He recommends a rigorous disclosure of the spread of product yields over multiple experiments, calibration of LC and GC apparatus, or (failing that) at least admitting that no such analysis has been done. (He also recommends getting rid of the concepts of diastereomeric and enantiomeric excess, in line with my fellow Arkansan Robert Gawley's advice). But I think that these ideas, while perfectly reasonable, don't get at the underlying problems - the inflationary pressure to produce more and more noteworthy results. Hudlicky's rules should be adopted - but I fear that they might just push the self-deception (and outright fraud) into newer territories.

I'm glad he's published this paper, though. Because everyone knows that this is a real problem - we complain about it, we joke about it, we mutter and we grit our teeth. But "officially", in the published literature, it's never mentioned. Let's stop pretending, shall we?

Comments (67) + TrackBacks (0) | Category: The Dark Side | The Scientific Literature


COMMENTS

1. john on November 12, 2010 9:33 AM writes...

So this is something I've always felt strongly about. Yields are always published as a percent, no plus or minus. Well that tells me that you never repeated the experiment or don't want to talk about the variance, why don't journals start demanding a yield which has been calculated based on 3 different replicates of the experiment, at least. Give me some statistics, we all know yields are gonna vary day to day, heck from moon cycle to moon cycle given how tricky some reactions are. If you tell me 80 and I try it and get 50 I'm gonna call your work crap, if you tell me 80 but give me a range I can expect I am happier if I get something in that range, and am less likely to think you're just trying to make your synthesis look better. Also it saves me time and money not using a route which isn't suitable to what I'm trying to achieve.

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2. Brian on November 12, 2010 9:35 AM writes...

99 % yield means you forgot to remove your magnetic stir bar from your reaction product or you still have residual metal in your product (like a nugget of Pb). A few times, I thought I had a crystallization nailed down, it was an inorganic salt that was entrained in my product that had precipitated. Having done analysis in my past, I look for water content by Karl-Fischer, a comparative wt/wt assay and a determination of residual inorganics before I would say something like I had >90 % yield. I approach things from a more rigorous approach.

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3. gyges on November 12, 2010 9:36 AM writes...

Two points

1) If he wanted to be read, why did he publish, perhaps more accurately, pseudopublish, in a closed source journal?

2) "But I think that these ideas, while perfectly reasonable, don't get at the underlying problems - the inflationary pressure to produce more and more noteworthy results."

One of the underlying problems is the ignorant manner in which professional chemists regard one another. I've seen it time and time again, someone reports an excellent piece of work - mass balances, good analysis, sensible decisions at bifurcation points - the end of which has been to quote yields in the 60 - 70 per cent range. His/her reward has been some ignorant whispering campaigning about how it could've been done better etc ... which is invariably utter and complete bollocks.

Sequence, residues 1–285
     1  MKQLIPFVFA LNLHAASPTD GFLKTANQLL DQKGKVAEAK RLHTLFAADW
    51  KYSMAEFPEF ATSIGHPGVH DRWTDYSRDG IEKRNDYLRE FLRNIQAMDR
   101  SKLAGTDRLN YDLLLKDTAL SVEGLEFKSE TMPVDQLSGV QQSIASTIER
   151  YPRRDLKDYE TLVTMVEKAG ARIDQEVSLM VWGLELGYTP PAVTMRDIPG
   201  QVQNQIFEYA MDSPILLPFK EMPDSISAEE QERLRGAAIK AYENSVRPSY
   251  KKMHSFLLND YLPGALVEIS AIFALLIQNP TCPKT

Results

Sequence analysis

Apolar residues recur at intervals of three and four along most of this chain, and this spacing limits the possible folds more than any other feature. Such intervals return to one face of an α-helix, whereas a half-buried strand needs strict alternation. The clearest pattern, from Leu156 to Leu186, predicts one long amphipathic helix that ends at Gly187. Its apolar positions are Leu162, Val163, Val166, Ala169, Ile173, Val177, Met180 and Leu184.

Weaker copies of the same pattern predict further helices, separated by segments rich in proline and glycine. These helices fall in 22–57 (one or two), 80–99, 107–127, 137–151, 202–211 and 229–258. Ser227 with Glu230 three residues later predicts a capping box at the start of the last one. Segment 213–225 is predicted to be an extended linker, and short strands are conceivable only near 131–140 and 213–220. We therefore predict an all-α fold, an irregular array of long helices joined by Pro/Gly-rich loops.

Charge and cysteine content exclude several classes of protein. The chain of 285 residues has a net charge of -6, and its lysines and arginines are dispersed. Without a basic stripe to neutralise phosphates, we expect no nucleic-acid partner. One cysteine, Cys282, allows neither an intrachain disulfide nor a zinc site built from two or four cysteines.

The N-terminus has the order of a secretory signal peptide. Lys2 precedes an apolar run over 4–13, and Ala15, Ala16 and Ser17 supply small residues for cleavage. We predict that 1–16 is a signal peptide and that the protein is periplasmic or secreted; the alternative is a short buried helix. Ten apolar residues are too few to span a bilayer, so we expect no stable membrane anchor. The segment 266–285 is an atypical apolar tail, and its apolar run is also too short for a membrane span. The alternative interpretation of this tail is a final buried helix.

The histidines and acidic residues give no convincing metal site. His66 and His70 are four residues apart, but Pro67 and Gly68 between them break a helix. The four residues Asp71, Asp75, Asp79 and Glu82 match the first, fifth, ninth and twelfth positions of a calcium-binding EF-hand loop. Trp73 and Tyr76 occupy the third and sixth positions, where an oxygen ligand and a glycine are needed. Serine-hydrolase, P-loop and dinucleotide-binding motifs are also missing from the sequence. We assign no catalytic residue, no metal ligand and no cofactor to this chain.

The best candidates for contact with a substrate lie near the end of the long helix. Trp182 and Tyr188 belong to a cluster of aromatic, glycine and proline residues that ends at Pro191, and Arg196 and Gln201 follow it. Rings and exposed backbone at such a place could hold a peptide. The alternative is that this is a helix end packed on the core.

To explain this culture look to the chemists with hair triggers who shoot from the hip and are not held to account.

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4. tuky tuky on November 12, 2010 9:58 AM writes...

seeing a 99% yield always makes me giggle

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5. KC Nicolaou on November 12, 2010 10:01 AM writes...

You're all just jealous.

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6. Donough on November 12, 2010 10:14 AM writes...

Different industry, similar story.

Membranes have been touted for energy savings for a while. With membranes any number of polymer, zeolite, ceramic material or mixes can be used. In literature it is 'normal' to see selective comparisons to previous literature whereby the membranes are compared to obviously worse membrane (which no-one would use).
In one field that pretty much ended when most of the membranes related were reviewed and compared to each other (200-300 membranes). The amount of novel membrane types being published suddenly dropped as the crap was cut. While this may seem anti-innovation, most of these novel membranes already has a good chance of being crap before testing.

However not only are the researchers responsible, the publishers are responsible also. If I can identify crap results from the abstract, surely the reviewers who are supposed expects can also.

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7. number cruncher on November 12, 2010 10:19 AM writes...

Very gratifying to see commentary like this appearing in the literature. I never understood why synthetic chemists are allowed to avoid reporting the sorts of statistical analyses without which papers in other fields aren't even publishable.

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8. Nick K on November 12, 2010 10:37 AM writes...